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Antarctic expedition topic of Feb. 19 fundraiser in Quasqueton
Waterloo teacher to tale of whales, penguins, ice and more
QUASQUETON — In a 2018 video honoring Waterloo elementary teacher Stacey Snyder with the governor’s I.O.W.A. STEM Teacher Award, one of her kids said: “She knows how to amaze students.”
Years later, Snyder is continuing to astonish in the classroom — and out of it — most recently by sailing south to where a “traffic jam” is made of ice instead of cars.
“In retrospect I am so thankful I went to Antarctica because it’s probably not a place I would go to on my own,” Snyder said, acknowledging her dislike of the cold. “Now that I’ve been there, I feel differently.”
The expanded learning program and gifted-student resource teacher at Orange and Lowell elementary schools in Waterloo will be sharing about her Antarctic expedition in November 2019 during a 5:30 p.m. dinner event Feb. 19 at Wolfey’s Wapsie Outback in Quasqueton. Friends of Fontana Park — a local nonprofit supporting the Buchanan County Conservation Board’s educational efforts — is sponsoring the fundraiser, costing $30 per person.
If you go
What: Stacey Snyder: “Antarctic expedition” dinner and discussion
Where: Wolfey’s Wapsie Outback, 101 Water St., Quasqueton
When: 5:30 to 8 p.m. Feb. 19, 2023
Cost: $30, at buchanancountyparks.com under the Public Events tab or call the Buchanan County Conservation Nature Center at (319) 636-2617
Program: Snyder will focus on impacts of climate change on Antarctica and its wildlife and actions in Iowa can impact the world and its wildlife, in even the most remote areas. She will present an audiovisual story, share how she is using her experiences in her classroom teaching, and will answer questions at the end.
Sponsor: Friends of Fontana Park, as a fundraiser to support education efforts of the Buchanan County Conservation Board.
Snyder visited Antarctica three years ago as a Grosvenor Teacher Fellow, supported by National Geographic and Lindblad Expeditions. The partnership sends K-12 teachers on field-based expeditions — as a professional development opportunity — and requires a two-year commitment beyond the trip.
In a news release, Snyder said she applied to empower her students to think outside the classroom and take action to better the world. To prepare, Synder read alongside her class in hopes of being ready to spot the continent’s wildlife in their habitat.
“I have always believed that chance will favor your prepared mind,” she said.
Because fellowship educators are expected to incorporate their experience into their teaching and share it with the community, too, Snyder borrowed 360-degree cameras from Iowa State University’s FLEx program to create a “virtual field trip” with her students. COVID-19 derailed that project this spring, but Snyder has continued sharing with community groups and local media.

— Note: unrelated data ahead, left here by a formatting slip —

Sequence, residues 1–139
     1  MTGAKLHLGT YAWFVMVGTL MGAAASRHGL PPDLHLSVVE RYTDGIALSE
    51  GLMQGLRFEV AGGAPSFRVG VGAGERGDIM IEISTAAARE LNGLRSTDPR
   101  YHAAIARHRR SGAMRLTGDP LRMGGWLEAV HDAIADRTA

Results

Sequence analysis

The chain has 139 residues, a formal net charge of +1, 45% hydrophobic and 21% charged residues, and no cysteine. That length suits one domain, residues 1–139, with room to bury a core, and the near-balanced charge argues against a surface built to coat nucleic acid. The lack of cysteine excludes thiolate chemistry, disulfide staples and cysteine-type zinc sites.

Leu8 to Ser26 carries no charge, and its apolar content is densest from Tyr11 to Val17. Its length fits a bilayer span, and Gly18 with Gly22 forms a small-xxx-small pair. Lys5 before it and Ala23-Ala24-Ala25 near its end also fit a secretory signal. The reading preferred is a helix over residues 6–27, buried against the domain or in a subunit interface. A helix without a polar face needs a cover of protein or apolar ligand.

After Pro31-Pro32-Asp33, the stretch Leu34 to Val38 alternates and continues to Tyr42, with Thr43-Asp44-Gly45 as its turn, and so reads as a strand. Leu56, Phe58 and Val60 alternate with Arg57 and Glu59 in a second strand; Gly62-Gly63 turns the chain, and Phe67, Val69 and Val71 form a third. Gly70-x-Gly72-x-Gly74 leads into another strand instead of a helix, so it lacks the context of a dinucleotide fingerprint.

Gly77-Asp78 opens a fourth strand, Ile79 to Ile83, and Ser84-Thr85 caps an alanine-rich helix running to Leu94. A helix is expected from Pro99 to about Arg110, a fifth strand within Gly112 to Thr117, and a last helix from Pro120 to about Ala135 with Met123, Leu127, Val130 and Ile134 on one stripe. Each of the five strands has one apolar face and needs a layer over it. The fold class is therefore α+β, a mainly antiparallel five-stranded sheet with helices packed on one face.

Highlights of her Antarctic experience included seeing a massive 80-by-25-mile-wide iceberg that took the expedition hours to pass.
“On the ice floes behind the iceberg, Snyder got to see emperor penguins floating in the sea, a rare treat because that largest of the penguin species usually is found farther south,” according to a news release.
Snyder in sum saw four species of penguin.
“I know birders would be jealous to see some of the birds that I saw,” she said, highlighting the wandering albatross and its vast wingspan.
At one point, Snyder agreed to participate in a “polar plunge” in the Southern Ocean, but she made it fun for students by swapping out her swimsuit for something more animated.
“I decided I was going to get a penguin costume because I love Halloween and I like to dress up, and I’m a storyteller to the kids,” she said. “They know that I can be a character.”
Snyder also watched a blue whale from the group’s ship for more than 20 minutes.
“That made my life in a sense, because that’s not an animal that’s all that common,” she said. “As an endangered species, to be able to be near that, see it, and watch it, that was pretty amazing.”
Snyder’s audiovisual presentation will encompass her experiences and lessons learned. She’ll share how climate change is affecting Antarctica and its wildlife, and actions Iowans can take. She’ll also share how she’s using the experience in her classroom, and will take questions.
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